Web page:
Oil prices steadied on Wednesday after Tuesday’s gains of 3 per cent, however EIA data shows growing US refined product stockpiles and growing US production, which could undermine efforts to rein in a growing crude oversupply. Nexen photo.
Oil prices weighed down by growing US production
On Wednesday, oil prices steadied after a 3 per cent jump on Tuesday on data from the US Energy Information Administration showed an increase in US refined product inventories and rising crude production.
By 2:41 p.m., EST, benchmark Brent crude futures were up 63 cents to $61.27 per barrel and US West Texas Intermediate futures climbed 17 cents to $52.28/barrel.
According to the EIA, US crude stockpiles fell by more than expected, but fuel inventories were bigger-than-anticipated, pressuring oil prices.
Gasoline inventories were up 7.5 million barrels, 2.8 million barrels more than forecast by analysts participating in Reuters poll prior to the data release. Gasoline stockpiles now sit at their highest level since February 2017.
Meanwhile, distillate stocks, including diesel and heating oil, were up 3 million barrels. Analysts had predicted a 1.6 million barrel rise. Crude oil inventories fell by 2.7 million barrels, more than double the forecasts.
“The continued strong rise in oil product stocks is bearish and overshadows the draw in crude oil stocks,” Carsten Fritsch, senior commodities analyst at Commerzbank told Reuters.
The EIA also reported that US crude production rose to 11.9 million barrels per day last week, breaking previous records. US crude exports also jumped to 3 million b/d, nearing record highs.
This growing US production and exports has weighed down oil prices and output is expected to grow to over 12 million b/d this year. The EIA forecasts that the United States will become a net crude exporter in 2020.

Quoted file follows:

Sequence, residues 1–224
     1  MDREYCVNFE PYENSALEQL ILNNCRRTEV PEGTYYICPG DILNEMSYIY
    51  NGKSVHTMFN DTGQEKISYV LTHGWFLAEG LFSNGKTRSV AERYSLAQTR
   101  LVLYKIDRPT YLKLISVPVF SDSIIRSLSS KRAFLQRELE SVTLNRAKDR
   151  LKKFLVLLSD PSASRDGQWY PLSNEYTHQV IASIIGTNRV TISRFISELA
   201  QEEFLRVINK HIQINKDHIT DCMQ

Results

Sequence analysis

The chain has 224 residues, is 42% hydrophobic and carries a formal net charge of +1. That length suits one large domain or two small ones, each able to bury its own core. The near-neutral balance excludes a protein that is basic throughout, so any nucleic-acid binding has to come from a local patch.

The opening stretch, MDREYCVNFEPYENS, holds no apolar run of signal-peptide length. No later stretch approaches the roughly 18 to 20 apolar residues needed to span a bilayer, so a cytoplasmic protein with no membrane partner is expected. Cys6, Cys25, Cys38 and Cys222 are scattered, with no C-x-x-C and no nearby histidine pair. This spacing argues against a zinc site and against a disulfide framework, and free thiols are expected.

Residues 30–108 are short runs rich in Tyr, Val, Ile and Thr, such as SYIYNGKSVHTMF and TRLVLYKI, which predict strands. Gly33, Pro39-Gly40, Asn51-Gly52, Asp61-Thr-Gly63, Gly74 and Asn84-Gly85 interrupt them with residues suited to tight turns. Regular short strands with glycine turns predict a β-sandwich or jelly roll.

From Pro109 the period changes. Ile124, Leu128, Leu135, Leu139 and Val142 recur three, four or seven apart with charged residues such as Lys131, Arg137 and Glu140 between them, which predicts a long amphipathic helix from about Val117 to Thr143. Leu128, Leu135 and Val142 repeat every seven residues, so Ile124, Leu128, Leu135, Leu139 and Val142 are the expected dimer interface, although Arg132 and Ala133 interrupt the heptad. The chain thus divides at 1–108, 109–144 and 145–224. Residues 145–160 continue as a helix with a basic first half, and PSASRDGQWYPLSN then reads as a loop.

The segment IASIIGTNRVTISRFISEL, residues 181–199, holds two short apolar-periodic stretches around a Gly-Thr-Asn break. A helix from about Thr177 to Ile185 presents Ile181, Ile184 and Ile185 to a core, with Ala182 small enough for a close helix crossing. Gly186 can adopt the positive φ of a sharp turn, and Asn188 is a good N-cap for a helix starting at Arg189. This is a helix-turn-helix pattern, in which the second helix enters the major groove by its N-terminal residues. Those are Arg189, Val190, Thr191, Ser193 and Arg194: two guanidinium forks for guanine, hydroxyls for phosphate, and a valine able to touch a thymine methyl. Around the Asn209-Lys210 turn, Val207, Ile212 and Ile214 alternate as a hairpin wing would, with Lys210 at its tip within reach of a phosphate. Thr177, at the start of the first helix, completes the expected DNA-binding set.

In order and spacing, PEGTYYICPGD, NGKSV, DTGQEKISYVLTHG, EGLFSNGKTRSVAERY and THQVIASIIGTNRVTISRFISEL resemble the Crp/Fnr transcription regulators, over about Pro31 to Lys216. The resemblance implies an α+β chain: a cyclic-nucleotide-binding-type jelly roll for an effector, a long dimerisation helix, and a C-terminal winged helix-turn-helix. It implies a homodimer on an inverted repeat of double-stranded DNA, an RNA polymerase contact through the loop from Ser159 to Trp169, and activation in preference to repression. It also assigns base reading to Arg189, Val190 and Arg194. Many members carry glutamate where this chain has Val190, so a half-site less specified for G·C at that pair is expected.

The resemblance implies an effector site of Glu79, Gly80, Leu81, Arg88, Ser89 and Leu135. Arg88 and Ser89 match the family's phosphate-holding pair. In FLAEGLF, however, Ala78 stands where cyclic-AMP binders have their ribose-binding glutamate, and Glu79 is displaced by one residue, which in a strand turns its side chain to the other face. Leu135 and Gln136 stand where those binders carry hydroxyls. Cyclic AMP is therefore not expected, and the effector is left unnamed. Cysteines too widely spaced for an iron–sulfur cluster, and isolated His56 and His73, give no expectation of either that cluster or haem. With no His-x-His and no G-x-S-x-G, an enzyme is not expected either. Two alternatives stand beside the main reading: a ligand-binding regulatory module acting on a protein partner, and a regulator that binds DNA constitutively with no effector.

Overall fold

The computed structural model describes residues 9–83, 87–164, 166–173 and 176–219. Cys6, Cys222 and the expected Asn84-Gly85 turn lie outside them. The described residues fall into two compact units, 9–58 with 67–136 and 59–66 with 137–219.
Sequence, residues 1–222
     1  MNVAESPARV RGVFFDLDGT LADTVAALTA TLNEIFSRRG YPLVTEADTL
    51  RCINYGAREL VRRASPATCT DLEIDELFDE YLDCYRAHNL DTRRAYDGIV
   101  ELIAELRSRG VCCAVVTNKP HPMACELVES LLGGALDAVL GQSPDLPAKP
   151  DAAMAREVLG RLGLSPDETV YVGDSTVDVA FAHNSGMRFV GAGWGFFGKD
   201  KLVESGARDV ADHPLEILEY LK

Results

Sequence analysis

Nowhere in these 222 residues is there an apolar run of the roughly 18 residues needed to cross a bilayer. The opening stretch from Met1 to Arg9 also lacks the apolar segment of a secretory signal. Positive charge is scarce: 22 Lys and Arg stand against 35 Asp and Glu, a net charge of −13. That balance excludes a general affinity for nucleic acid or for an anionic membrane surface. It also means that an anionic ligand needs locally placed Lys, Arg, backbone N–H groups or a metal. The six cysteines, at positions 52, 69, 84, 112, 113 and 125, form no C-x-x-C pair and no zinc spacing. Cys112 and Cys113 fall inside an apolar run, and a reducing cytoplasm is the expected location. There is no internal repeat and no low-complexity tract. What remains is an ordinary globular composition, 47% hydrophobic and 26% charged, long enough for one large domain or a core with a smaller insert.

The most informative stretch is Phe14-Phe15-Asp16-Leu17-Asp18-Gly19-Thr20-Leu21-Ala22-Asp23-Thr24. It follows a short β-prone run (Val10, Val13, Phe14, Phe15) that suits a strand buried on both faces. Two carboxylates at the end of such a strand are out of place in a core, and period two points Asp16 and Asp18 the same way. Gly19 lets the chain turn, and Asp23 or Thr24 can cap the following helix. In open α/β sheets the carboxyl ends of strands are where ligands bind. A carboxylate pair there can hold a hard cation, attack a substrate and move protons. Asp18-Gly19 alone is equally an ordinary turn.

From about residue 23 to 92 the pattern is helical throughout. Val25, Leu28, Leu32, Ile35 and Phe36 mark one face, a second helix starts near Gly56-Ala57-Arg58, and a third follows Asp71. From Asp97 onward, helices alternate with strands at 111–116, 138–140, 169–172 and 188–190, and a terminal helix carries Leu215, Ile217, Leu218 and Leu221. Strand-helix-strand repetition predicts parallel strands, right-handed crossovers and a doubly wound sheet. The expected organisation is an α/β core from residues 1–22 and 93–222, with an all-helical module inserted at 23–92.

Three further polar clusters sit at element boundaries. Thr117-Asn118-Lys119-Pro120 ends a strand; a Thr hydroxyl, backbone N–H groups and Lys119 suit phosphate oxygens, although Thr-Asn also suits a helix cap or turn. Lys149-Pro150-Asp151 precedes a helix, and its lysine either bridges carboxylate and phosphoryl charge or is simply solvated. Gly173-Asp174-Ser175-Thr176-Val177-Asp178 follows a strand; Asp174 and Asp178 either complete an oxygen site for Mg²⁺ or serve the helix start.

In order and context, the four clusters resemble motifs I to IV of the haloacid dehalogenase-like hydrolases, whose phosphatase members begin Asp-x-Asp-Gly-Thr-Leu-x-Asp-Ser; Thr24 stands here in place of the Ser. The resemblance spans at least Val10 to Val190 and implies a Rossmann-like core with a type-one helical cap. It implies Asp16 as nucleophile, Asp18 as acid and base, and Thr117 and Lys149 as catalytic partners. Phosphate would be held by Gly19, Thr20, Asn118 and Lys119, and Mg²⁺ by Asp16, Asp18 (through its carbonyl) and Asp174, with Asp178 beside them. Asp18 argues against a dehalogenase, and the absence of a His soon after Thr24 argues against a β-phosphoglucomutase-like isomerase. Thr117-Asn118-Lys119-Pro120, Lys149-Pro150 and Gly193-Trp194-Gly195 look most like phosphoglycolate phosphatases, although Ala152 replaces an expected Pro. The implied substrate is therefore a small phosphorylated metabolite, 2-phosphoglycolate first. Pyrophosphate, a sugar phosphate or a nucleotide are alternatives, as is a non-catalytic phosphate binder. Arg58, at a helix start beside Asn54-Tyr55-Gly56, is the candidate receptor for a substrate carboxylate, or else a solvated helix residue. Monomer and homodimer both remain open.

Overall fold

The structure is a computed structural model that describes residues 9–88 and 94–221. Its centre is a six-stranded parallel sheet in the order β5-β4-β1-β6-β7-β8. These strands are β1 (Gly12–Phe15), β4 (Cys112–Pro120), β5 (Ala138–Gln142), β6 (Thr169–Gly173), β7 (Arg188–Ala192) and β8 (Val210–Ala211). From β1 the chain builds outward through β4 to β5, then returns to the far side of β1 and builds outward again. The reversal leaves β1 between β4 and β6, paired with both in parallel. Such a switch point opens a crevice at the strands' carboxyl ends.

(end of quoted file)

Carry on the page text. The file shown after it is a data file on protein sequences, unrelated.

Climbing US output could impact oil markets despite OPEC’s efforts to rein in production. The cartel along with other producers, including Russia, are cutting their total production by 1.2 million b/d in an effort to buoy oil prices.
At the same time, there are more signs that a global recession is looming, which will also impact oil prices. The US government shutdown is taking a larger-than-expected bite out of the economy of the United States.
More gloomy economic signs include Teresa May’s loss in British parliament over her deal to leave the European Union and China poor trading data report. Imports and exports both fell from numbers posted one year ago.
According to Reuters, to combat the dark mood, China’s central bank made its biggest daily net cash injection via reverse repo operation on record on Wednesday.
“(China’s) rapidly expanding economy and … thirst for oil has in recent years provided a major pillar of price support,” Stephen Brennock, analyst at London brokerage PVM Oil, told Reuters.
“This unprecedented slowdown will weigh on the global oil market and do no favours for those hoping for a sustained recovery in prices.”
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